The Washington Post is reporting that the Federal Trade Commission will allege that Facebook misled users about its privacy practices as part of an expected settlement.
The federal business watchdog will reportedly find that Facebook deceived users about how it handled phone numbers it asked for as part of a security feature and provided insufficient information about how to turn off a facial recognition tool for photos.
Advertisers were reportedly able to target users who provided their phone number as part of a two-factor authentication security feature.
The FTC didn’t respond immediately to a request for comment. Facebook had no comment.
The complaints will reportedly be detailed in a settlement on Wednesday. Facebook won’t be required to admit guilt but will have to submit to federal oversight, the newspaper reported.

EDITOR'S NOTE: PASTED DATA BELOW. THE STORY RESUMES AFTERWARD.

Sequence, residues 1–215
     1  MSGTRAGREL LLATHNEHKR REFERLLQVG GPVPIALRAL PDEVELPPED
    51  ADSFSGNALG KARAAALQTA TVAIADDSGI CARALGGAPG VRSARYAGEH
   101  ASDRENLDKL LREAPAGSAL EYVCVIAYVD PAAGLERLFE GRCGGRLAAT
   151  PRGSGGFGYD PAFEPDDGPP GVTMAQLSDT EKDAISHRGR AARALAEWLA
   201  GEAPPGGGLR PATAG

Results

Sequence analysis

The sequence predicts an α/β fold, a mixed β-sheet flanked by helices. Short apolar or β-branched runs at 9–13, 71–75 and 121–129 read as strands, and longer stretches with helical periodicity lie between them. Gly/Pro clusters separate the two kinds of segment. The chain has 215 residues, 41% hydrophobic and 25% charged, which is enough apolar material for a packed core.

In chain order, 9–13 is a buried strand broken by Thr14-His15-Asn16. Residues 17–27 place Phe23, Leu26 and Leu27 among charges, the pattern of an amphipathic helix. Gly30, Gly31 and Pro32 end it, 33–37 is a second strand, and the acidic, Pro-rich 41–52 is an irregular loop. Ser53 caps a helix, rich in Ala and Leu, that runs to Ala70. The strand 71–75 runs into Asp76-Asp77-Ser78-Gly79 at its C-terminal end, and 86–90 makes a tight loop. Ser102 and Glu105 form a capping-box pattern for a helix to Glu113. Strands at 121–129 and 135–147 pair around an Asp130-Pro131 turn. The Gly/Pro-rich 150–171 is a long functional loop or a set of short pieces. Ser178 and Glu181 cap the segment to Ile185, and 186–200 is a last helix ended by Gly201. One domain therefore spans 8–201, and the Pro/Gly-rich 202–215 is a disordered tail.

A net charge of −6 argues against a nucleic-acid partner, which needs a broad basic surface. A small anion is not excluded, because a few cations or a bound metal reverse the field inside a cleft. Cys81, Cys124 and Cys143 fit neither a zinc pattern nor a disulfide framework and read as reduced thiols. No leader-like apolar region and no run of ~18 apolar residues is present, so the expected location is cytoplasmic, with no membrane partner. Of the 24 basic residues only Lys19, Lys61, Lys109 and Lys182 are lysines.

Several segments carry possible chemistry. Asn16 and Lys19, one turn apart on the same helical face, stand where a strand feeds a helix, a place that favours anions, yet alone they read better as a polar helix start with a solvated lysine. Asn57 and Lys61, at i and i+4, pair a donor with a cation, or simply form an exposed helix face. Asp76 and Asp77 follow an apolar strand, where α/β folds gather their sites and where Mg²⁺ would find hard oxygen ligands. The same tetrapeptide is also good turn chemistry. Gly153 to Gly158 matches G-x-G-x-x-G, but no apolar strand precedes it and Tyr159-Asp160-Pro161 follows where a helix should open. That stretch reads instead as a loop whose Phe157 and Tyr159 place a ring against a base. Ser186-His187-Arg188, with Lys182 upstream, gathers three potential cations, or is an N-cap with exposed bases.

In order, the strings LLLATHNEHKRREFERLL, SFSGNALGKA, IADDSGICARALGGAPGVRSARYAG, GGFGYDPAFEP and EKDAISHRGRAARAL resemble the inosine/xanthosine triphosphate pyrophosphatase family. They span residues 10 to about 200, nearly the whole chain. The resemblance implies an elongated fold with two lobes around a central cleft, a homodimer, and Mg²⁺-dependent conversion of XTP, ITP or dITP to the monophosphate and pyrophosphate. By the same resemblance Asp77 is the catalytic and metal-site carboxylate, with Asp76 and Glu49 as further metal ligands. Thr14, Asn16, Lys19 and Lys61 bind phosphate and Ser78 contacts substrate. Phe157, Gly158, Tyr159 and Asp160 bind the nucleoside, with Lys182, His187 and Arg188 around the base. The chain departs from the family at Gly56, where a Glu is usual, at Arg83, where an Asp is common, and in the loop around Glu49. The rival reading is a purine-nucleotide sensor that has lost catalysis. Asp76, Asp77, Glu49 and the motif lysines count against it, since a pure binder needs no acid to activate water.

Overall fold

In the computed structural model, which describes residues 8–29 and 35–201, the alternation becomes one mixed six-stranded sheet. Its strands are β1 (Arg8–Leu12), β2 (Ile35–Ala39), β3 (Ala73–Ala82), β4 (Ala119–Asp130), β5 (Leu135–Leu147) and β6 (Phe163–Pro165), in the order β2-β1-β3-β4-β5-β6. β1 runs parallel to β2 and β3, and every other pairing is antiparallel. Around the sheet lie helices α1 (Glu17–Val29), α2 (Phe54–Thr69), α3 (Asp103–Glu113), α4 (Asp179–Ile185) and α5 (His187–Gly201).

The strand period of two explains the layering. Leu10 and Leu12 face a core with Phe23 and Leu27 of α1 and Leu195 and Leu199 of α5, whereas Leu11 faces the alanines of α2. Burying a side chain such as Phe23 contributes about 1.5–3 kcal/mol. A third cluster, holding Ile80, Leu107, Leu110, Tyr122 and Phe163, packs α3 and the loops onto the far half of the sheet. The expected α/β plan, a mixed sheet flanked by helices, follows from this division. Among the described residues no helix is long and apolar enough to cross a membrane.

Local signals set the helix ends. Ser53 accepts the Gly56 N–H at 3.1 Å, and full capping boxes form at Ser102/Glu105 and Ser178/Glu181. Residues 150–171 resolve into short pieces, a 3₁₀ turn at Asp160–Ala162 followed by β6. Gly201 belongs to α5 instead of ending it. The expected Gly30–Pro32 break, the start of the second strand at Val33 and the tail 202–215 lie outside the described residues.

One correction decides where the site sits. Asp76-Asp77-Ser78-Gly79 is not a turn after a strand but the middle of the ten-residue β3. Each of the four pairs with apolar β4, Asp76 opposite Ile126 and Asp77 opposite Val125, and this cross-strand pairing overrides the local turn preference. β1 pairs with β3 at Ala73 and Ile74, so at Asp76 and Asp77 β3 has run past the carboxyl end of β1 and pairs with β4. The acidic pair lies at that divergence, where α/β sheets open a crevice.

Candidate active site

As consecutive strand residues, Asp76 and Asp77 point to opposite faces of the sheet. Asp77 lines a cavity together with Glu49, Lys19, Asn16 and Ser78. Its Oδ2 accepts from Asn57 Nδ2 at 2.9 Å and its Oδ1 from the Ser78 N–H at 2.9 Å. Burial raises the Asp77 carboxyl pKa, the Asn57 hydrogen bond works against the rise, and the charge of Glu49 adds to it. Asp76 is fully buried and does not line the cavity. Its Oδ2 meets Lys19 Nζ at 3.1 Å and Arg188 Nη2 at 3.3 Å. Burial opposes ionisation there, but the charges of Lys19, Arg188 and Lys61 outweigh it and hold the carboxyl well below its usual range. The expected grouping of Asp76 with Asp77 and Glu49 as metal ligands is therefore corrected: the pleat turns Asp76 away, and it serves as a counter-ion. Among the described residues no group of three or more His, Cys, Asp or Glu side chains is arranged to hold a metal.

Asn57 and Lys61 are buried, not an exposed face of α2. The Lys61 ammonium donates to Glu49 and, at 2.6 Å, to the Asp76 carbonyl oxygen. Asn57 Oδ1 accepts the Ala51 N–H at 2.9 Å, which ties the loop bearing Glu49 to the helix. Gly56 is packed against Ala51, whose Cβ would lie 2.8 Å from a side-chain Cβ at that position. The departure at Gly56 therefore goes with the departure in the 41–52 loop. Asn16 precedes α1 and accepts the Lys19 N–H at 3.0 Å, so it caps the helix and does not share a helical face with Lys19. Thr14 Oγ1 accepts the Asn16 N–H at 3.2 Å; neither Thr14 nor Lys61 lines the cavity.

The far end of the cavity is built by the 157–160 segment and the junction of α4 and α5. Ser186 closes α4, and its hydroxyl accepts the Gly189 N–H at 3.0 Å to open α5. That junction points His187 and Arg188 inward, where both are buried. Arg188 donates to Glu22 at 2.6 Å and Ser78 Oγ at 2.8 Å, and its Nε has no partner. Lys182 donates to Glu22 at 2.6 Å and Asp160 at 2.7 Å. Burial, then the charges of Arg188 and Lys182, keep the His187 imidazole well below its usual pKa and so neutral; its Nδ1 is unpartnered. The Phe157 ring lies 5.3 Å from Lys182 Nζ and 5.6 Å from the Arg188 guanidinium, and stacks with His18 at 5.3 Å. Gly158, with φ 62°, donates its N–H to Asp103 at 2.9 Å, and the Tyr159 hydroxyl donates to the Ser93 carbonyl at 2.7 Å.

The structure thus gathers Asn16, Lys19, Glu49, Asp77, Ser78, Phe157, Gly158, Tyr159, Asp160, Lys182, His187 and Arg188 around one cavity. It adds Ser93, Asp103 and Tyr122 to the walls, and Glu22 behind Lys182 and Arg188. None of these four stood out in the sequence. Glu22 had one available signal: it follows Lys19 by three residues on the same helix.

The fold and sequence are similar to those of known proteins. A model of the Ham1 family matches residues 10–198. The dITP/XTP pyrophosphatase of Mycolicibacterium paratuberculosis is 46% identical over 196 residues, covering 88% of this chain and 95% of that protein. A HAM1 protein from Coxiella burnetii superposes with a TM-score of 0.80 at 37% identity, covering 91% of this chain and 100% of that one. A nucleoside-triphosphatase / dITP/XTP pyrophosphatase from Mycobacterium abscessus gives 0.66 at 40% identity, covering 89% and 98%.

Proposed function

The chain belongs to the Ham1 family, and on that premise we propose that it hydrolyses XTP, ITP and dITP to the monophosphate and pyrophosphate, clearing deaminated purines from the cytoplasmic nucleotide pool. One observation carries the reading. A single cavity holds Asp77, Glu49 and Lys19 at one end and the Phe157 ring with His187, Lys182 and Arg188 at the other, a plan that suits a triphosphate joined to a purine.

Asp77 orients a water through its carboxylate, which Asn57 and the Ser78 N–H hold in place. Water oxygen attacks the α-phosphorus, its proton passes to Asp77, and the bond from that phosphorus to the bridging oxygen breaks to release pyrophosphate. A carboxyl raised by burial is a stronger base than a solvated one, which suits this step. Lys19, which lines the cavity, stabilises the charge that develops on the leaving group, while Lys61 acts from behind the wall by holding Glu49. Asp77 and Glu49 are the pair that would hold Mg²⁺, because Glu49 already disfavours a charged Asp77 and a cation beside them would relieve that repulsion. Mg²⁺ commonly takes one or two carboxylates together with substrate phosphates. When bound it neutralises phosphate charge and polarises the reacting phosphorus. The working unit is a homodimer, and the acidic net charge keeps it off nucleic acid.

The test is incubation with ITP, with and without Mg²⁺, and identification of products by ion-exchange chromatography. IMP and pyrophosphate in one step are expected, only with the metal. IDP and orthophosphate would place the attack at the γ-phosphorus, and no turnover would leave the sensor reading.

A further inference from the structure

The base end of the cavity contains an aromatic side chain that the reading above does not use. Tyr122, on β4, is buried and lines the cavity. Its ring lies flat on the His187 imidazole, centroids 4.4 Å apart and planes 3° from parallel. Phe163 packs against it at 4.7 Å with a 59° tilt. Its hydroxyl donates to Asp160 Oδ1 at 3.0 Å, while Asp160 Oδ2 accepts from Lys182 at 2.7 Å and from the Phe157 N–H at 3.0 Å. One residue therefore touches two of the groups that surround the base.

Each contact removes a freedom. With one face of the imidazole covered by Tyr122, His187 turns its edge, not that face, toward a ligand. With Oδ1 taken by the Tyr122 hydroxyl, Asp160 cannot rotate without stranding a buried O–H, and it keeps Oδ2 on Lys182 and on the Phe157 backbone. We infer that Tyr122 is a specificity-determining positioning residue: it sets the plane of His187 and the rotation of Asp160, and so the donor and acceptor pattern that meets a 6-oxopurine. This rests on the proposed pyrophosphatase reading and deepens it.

- Facebook offered users privacy wall, then let tech giants around it
- As Facebook Raised a Privacy Wall, It Carved an Opening for Tech Giants
- Documents show Facebook used user data as competitive weaponYou may also be interested in...
- Documents show Facebook wielded users' data as weapon
- Documents show Facebook used user data as a competitive weapon
- Facebook hosts offline privacy 'pop-up' in New York City
- Newspaper says Facebook gave more access to users’ data than previously revealed
- Marc Benioff says Facebook looked like a 'train wreck' even before it was struck down by a series of crippling scandals
- Sheryl Sandberg Says Facebook ‘Absolutely Did Not’ Pay Anyone to Create Fake News
- Facebook blasted by privacy advocates, lawmakers over data-sharing agreements